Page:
I almost forgot about posting the other part. I wrote, “Often when I’m in the praise phase of my praying, God brings to light something new to praise him for. He’s been doing this almost once a week for a very long time now.” What I’m realizing is that when I’m praying, especially praising, I’m also meditating at the same time. I’m “talking to myself” about who God is and dwelling on what I’m praising him for. I’m also seeking new (although nothing is really new) things to praise God for. They are often things I’ve already though of in the past that God is bringing up again, or things in Scripture that are brought to mind (John 14:26). When God speaks, it’s usually about himself, and it’s always found in Scripture. (Future post material) If it’s sketchy, I will look it up to make sure. I’m a little unsure about the title of this post, but I’m stuck with it. It could be “Meditating With God”. I don’t want to make it sound like inspired revelations that could stand on their own. I didn’t take the time to put Scripture with them.

These are quick, unedited things I’ve tried to write in Evernote. Unfortunately, I’ve forgotten to write down as many as have been written. Some of it can’t be expressed well in words, and some don’t make complete sense now.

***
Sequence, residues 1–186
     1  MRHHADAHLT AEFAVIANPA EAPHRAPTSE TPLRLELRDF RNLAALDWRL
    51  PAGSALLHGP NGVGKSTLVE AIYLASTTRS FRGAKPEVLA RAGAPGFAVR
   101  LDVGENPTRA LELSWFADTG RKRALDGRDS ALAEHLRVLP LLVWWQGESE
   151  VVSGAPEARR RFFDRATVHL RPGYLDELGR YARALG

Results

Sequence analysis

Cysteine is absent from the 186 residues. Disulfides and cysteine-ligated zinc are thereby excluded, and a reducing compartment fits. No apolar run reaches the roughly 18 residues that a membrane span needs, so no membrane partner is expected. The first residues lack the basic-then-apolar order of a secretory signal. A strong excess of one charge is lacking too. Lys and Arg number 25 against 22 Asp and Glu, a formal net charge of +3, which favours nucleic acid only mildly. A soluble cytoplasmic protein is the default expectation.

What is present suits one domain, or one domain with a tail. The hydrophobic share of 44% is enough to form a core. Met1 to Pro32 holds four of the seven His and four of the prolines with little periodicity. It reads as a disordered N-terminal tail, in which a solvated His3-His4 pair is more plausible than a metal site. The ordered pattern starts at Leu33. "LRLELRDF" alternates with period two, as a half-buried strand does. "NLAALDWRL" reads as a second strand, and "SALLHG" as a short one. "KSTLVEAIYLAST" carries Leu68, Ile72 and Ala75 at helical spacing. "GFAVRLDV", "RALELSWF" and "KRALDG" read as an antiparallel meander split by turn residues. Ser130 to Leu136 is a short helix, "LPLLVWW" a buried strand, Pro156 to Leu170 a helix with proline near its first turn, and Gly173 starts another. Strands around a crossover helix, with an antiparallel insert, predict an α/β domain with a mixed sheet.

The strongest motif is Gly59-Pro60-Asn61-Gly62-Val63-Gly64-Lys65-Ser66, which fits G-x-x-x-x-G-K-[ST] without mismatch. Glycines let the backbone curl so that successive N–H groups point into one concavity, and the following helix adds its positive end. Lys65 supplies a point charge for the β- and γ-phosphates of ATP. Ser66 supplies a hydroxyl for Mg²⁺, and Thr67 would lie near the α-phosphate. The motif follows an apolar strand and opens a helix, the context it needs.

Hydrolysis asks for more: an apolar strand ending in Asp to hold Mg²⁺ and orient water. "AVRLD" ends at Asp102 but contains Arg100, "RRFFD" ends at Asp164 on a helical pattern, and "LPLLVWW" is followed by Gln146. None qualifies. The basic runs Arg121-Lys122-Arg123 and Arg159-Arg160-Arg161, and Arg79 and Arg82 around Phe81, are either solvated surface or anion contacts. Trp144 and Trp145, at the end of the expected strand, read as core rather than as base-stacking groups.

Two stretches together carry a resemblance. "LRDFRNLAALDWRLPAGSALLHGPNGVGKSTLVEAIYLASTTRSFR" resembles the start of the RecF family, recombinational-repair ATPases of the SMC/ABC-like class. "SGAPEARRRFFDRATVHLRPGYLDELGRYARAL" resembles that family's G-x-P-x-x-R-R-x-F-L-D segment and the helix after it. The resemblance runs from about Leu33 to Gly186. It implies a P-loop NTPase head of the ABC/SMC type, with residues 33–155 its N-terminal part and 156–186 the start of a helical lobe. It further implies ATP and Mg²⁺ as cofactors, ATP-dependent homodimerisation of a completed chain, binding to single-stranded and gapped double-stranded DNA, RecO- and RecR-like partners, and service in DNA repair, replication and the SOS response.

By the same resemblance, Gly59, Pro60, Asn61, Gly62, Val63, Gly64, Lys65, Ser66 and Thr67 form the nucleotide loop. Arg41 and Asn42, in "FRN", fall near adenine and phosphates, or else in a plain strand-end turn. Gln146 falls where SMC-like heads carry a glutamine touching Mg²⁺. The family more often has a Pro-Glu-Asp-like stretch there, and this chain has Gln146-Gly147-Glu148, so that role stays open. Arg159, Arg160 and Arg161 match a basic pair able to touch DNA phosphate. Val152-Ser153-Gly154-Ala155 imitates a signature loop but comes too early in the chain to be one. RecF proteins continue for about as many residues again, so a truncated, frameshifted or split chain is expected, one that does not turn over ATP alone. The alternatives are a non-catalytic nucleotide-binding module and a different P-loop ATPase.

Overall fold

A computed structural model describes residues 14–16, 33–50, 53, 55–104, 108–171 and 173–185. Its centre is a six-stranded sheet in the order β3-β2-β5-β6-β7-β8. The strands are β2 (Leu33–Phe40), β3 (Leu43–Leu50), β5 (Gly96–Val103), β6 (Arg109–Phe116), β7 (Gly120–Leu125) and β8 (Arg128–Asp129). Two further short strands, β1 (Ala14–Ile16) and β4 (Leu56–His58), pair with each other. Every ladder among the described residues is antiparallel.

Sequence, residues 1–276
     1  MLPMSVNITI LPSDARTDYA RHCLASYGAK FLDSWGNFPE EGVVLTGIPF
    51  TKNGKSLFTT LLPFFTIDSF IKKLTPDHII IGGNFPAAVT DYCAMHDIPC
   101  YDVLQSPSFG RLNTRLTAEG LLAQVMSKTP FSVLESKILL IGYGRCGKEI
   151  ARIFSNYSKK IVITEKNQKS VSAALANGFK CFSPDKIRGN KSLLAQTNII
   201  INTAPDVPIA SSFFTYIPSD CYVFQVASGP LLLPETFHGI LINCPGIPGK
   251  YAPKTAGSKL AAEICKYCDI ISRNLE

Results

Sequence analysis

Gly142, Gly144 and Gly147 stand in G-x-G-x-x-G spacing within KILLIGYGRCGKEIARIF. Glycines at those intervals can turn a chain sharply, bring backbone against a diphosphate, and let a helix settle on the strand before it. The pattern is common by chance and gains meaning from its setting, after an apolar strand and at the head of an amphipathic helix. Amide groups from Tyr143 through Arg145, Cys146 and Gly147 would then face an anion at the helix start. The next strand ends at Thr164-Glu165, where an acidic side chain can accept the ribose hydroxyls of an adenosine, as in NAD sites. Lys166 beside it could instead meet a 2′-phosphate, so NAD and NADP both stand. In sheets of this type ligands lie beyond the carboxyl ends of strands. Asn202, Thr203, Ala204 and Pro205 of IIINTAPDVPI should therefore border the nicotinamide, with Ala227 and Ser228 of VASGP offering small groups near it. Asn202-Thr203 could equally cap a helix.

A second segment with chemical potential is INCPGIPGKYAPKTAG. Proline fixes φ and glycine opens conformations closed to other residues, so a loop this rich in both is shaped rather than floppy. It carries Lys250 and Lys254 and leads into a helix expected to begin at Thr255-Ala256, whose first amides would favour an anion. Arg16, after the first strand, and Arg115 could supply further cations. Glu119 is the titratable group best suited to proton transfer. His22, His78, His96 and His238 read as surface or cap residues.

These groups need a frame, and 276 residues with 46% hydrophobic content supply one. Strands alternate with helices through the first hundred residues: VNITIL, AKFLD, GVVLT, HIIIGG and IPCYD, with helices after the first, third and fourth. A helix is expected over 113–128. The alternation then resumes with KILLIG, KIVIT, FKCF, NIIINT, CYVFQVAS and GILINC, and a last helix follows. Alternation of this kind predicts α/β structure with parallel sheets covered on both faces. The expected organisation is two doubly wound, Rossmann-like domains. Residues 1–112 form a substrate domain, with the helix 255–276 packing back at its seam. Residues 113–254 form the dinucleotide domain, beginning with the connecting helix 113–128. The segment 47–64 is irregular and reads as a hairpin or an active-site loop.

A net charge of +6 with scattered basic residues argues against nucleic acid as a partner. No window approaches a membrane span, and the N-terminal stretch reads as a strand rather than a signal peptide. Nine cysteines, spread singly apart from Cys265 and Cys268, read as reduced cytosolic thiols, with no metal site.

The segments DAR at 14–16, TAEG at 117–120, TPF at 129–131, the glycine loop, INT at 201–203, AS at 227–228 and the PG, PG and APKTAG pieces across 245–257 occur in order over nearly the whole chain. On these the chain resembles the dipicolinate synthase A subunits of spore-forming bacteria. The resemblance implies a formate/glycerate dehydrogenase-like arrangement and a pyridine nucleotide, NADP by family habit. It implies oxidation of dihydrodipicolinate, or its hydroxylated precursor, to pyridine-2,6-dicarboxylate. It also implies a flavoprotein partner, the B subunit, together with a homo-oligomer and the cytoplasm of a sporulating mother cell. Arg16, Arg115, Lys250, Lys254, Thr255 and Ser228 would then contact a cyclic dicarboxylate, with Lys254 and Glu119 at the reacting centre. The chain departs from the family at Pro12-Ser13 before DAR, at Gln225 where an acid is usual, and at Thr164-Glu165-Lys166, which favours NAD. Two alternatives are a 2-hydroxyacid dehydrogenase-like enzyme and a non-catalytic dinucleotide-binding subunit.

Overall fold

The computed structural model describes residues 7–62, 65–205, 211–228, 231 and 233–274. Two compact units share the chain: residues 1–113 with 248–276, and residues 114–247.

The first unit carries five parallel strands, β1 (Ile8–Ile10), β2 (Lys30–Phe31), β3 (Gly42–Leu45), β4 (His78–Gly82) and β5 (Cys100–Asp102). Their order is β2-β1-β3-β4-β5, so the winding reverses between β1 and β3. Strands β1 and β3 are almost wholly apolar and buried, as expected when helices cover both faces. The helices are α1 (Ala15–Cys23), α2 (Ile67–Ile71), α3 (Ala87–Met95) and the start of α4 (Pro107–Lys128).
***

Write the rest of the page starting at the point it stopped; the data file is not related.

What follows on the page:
• Having to listen to a psychologist [I don’t remember what this means, but ‘listening to “advice”‘ could be substituted]–Jesus had to put up with much worse than this, being God and having to listen to people who think they know what they don’t.
  • Meditated on God lavishing everything on us. The cross, material things, our inheritance, what the Holy Spirit does etc,
  • Reading in the OT about all the things that had to be done to atone for sins and all of the stipulations of the law regarding it, and God did all of that for us in Christ. Everything.
  • Me (who never got in trouble) getting in trouble in elementary school by “giving a girl a bloody nose”, or so it seemed to others. I was sent to the disciplinarian, thinking this would never happen to me. My teacher gave me the dirtiest look I have ever seen. She looked like she wanted to torture me to death.

    That’s just one incident of one “sin”. Jesus took on the sin of all who would be saved and the wrath of God for those sins. I can’t begin to imagine that.

    And just from my own perspective–I’m not a good person and I’m bad enough that Jesus needed to suffer for me. That alone is a huge sacrifice.

  • 1 Timothy 6:19
    By doing this they store up a treasure for themselves => eternal